Serverless statistics solution with Lambda@Edge
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Serverless statistics solution with Lambda@Edge

AWS offers several great serverless services for data engineering and analytics. In this post I describe my serverless analytics setup for click stream analytics of a static webpage, using Amazon Glue, Athena, Managed Grafana for analytics. Data ingestion and storage with Lamba@Edge, StepFunctions and S3.

Published Mar 19, 2024
For a very long time I have been using Google Analytics to understand how many readers I have on my blogs. However, Google Analytics is super advanced and can do so much more than I need, you need to do proper data engineering on the data to get the full picture. I started to look into Open Source alternatives that I could host my self. Every solution use some form of client side setup for sending data, so I started thinking if I could be doing this as a server-side solution.
My blog is static HTML served from S3 and CloudFront, could Lambda@Edge be used in some way? Could I send the data I needed to a central location?
This blog explores the setup I created to create a serverless statistics service using Lambda@Edge, StepFunctions, Glue, Athena, Managed Grafana and a couple of more services.

Serverless Handbook

The solution in this post is available as a fully deployable solution on My Serverless Handbook

Architecture Overview

The entire architecture setup involve several serverless and managed services from AWS and creates a great foundation for analytics service. The solution ingestion and analytics parts are decoupled using EventBridge, which creates an fantastic opportunity for extending it. It's based on ingestion of data using Lambda@Edge and StepFunctions. Data store and analytics with FireHose, Glue, and Athena. Then an optional visualization using Managed Grafana.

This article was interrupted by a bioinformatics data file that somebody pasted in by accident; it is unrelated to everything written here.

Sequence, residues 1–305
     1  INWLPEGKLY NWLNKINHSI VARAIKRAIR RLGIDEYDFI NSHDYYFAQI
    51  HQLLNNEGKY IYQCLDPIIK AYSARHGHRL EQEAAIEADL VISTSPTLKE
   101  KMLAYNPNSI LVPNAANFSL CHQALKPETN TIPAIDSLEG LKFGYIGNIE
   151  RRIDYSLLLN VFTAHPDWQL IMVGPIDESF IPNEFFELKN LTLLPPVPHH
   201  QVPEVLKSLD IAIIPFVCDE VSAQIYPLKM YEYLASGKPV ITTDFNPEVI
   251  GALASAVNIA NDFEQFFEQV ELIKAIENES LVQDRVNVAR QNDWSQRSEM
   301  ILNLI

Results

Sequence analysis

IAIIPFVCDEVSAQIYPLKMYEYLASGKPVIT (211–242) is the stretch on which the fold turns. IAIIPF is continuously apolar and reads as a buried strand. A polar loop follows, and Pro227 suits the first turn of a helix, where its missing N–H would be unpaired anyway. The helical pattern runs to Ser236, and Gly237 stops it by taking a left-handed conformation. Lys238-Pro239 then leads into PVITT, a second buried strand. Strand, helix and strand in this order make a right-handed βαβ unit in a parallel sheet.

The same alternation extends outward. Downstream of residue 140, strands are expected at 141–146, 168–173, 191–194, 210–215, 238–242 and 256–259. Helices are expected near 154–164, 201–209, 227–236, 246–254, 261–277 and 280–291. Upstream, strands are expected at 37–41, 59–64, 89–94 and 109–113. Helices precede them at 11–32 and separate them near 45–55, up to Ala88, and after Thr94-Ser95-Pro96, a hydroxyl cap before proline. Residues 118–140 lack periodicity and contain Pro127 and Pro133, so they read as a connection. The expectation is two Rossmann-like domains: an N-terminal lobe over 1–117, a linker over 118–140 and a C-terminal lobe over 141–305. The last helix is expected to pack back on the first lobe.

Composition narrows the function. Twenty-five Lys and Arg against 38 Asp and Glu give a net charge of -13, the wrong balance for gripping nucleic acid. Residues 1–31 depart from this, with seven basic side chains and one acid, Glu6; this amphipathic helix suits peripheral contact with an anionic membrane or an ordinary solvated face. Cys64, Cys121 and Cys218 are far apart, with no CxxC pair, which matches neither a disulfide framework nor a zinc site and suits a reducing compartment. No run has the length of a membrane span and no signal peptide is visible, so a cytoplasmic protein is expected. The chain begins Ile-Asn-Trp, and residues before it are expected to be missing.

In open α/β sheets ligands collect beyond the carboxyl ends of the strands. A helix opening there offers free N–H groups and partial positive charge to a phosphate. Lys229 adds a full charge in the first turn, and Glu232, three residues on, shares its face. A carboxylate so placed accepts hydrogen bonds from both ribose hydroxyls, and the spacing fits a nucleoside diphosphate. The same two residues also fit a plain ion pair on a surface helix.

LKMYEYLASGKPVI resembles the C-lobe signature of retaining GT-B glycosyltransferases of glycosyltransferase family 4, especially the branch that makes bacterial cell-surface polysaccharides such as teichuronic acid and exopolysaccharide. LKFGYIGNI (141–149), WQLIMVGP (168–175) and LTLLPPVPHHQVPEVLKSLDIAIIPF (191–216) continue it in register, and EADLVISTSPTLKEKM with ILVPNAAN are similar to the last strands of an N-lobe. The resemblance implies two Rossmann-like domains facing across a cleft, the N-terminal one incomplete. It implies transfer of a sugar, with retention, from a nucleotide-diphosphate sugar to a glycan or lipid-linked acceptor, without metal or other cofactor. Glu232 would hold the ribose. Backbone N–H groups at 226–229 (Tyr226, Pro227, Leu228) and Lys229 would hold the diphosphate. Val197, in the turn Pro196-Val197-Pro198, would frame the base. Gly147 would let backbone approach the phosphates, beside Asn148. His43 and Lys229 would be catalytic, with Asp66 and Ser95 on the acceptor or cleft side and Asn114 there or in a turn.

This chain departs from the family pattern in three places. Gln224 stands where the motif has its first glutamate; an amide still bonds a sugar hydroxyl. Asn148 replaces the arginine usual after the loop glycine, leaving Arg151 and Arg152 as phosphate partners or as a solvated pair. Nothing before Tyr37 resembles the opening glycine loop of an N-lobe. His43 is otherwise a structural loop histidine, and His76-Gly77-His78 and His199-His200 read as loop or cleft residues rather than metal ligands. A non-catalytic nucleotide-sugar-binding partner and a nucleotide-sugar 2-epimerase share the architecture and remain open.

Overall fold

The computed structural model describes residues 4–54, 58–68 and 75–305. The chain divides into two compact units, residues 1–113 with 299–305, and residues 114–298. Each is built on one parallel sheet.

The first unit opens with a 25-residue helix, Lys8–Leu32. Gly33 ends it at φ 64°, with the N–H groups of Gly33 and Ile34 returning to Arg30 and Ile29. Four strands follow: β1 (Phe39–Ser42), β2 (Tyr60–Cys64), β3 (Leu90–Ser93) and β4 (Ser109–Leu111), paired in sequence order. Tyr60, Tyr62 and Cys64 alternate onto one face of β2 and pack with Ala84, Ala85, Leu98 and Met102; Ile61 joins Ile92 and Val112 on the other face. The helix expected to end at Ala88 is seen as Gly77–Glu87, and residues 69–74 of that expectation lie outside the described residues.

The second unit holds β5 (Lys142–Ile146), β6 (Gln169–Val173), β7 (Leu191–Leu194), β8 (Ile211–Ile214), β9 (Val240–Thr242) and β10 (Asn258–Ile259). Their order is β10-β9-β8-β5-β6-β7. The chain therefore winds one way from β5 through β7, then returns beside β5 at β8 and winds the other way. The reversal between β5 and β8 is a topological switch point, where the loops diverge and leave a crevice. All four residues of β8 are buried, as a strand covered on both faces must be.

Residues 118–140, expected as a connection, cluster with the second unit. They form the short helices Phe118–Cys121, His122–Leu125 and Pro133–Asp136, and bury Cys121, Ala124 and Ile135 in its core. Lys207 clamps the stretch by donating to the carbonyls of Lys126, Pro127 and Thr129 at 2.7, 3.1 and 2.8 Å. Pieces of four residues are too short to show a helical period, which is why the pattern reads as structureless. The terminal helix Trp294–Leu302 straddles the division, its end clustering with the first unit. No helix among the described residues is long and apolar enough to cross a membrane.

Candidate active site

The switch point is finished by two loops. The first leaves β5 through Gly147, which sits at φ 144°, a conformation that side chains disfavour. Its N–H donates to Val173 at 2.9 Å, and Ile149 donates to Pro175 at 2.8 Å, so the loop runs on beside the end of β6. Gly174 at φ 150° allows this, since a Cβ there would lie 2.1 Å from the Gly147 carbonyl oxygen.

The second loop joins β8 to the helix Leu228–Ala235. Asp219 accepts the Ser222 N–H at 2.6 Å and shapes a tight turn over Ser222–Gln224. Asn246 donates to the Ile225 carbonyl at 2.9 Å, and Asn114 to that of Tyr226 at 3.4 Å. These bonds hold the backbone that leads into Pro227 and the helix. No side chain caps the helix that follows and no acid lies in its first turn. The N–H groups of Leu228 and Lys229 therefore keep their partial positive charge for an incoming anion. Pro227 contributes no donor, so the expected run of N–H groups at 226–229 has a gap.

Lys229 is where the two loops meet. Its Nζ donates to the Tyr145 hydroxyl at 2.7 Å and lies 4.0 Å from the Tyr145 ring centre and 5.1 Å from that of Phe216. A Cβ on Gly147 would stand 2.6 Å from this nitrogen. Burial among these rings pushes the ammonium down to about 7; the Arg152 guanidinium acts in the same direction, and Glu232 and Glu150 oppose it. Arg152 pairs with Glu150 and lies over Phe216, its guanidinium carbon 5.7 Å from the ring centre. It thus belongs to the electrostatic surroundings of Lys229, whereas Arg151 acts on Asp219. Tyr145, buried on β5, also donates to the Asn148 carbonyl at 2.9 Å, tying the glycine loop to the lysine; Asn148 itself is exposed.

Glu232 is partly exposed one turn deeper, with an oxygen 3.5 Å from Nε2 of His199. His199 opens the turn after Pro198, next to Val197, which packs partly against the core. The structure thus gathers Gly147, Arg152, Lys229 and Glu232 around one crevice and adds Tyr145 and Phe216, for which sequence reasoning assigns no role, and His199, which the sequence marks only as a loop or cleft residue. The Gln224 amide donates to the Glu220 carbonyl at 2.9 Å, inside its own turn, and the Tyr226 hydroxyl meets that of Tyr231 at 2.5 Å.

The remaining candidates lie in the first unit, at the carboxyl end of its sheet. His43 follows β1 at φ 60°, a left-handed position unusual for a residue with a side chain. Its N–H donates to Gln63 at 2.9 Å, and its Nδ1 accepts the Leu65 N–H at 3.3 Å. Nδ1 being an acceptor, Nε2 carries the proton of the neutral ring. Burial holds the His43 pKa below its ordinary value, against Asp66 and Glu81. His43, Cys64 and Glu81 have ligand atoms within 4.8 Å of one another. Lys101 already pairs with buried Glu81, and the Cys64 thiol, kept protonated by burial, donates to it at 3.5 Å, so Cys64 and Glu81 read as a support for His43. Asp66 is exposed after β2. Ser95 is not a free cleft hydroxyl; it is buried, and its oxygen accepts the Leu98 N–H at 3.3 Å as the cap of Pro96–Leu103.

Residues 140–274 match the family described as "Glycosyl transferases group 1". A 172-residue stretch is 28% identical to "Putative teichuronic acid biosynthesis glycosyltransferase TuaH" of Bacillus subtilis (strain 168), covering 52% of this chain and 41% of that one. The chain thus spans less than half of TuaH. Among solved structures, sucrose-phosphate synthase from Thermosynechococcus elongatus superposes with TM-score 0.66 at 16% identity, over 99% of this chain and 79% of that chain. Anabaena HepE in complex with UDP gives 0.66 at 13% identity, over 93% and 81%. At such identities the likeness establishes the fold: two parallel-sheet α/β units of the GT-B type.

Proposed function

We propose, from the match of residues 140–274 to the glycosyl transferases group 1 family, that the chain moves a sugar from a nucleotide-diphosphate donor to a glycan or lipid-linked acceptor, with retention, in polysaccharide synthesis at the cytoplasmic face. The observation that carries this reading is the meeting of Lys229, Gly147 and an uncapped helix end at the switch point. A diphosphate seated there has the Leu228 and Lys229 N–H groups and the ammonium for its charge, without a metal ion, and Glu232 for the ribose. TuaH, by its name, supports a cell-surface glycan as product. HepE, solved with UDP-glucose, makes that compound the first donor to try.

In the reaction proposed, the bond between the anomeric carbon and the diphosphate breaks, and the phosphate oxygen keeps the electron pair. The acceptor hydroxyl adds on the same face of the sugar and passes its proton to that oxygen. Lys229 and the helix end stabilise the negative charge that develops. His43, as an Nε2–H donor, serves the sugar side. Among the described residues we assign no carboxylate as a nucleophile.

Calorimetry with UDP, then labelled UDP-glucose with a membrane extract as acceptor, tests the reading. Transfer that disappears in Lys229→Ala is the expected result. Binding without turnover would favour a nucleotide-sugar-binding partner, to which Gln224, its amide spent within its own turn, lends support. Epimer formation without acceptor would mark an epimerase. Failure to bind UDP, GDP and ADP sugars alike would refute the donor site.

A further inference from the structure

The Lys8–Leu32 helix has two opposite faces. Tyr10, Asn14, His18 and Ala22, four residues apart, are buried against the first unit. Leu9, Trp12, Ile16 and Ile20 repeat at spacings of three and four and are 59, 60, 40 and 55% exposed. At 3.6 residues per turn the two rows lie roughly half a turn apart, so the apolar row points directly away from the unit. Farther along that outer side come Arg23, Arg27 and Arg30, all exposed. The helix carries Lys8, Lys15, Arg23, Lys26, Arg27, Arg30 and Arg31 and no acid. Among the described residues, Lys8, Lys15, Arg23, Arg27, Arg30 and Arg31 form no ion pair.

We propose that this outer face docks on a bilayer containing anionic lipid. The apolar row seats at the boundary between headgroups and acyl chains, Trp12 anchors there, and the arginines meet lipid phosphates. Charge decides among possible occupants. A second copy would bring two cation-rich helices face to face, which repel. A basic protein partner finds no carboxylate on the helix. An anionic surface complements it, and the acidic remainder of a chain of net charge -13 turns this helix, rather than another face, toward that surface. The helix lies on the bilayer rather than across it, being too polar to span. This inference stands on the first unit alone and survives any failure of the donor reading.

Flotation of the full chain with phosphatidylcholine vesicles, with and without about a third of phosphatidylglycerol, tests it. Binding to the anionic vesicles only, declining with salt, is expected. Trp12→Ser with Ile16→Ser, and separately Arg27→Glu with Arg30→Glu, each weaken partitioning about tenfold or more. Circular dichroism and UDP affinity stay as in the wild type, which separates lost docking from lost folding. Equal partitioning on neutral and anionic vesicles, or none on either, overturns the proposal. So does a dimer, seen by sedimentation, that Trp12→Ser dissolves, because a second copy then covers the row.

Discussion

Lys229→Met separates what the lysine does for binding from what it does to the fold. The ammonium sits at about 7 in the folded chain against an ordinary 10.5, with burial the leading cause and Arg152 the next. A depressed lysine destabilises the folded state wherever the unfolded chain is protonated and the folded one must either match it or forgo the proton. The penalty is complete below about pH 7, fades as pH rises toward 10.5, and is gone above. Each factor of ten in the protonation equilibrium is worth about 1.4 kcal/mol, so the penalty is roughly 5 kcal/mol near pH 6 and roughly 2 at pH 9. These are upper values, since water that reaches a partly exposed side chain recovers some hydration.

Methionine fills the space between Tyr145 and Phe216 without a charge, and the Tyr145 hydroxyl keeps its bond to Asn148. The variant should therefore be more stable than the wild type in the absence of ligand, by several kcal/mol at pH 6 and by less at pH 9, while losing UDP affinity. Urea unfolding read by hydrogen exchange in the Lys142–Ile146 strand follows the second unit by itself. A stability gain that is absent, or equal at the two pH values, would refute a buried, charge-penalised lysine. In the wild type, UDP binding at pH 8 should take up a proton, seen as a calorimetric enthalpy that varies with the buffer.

CloudFront setup

Since I need to call other AWS services, I needed to use Lambda@Edge over CloudFront Functions. I wanted data for all page-views to be ingested, so I thought I would use the Viewer-Response integration point.
Viewer-Response would run just before the page was sent to the viewer, which would be an great integration point. However, I needed to rethink this. I use a CloudFront function in response to the Viewer-request, I use this function to re-write parts of the URL to ensure content can be loaded properly. Since I use a CloudFront function for Viewer-Request you can't use a Lambda@Edge for Viewer-Response, that combination is not supported.